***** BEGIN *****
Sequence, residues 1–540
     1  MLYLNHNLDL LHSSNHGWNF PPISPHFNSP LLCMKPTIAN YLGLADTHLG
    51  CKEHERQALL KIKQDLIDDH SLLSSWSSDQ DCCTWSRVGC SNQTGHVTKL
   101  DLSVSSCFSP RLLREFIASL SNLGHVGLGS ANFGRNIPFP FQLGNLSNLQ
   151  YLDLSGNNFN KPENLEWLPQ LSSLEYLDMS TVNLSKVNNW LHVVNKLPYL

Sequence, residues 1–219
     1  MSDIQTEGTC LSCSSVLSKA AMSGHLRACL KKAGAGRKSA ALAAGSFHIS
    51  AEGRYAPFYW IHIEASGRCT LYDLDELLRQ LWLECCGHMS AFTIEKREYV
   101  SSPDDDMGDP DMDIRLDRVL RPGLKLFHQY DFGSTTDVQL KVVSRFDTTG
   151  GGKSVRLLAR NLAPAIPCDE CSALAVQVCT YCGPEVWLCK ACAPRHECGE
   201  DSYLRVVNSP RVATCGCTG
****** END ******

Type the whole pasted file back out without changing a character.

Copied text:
Sequence, residues 1–540
     1  MLYLNHNLDL LHSSNHGWNF PPISPHFNSP LLCMKPTIAN YLGLADTHLG
    51  CKEHERQALL KIKQDLIDDH SLLSSWSSDQ DCCTWSRVGC SNQTGHVTKL
   101  DLSVSSCFSP RLLREFIASL SNLGHVGLGS ANFGRNIPFP FQLGNLSNLQ
   151  YLDLSGNNFN KPENLEWLPQ LSSLEYLDMS TVNLSKVNNW LHVVNKLPYL

Sequence, residues 1–219
     1  MSDIQTEGTC LSCSSVLSKA AMSGHLRACL KKAGAGRKSA ALAAGSFHIS
    51  AEGRYAPFYW IHIEASGRCT LYDLDELLRQ LWLECCGHMS AFTIEKREYV
   101  SSPDDDMGDP DMDIRLDRVL RPGLKLFHQY DFGSTTDVQL KVVSRFDTTG
   151  GGKSVRLLAR NLAPAIPCDE CSALAVQVCT YCGPEVWLCK ACAPRHECGE
   201  DSYLRVVNSP RVATCGCTG